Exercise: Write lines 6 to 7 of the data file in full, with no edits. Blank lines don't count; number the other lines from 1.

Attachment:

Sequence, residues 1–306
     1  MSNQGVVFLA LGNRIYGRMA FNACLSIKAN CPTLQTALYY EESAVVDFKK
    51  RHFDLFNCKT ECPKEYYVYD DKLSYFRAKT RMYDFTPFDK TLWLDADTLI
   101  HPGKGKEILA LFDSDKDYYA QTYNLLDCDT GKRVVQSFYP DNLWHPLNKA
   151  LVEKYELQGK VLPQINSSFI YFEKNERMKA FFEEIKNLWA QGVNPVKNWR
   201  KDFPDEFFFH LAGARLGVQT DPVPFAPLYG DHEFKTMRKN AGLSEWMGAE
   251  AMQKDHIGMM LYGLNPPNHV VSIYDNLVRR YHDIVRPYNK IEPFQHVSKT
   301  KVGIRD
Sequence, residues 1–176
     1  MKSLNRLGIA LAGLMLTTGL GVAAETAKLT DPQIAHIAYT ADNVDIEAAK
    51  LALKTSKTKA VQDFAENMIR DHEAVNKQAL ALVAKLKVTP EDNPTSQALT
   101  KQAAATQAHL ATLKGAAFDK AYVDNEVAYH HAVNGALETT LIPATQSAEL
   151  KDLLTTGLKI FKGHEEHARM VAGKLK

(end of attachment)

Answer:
   201  KDFPDEFFFH LAGARLGVQT DPVPFAPLYG DHEFKTMRKN AGLSEWMGAE
   251  AMQKDHIGMM LYGLNPPNHV VSIYDNLVRR YHDIVRPYNK IEPFQHVSKT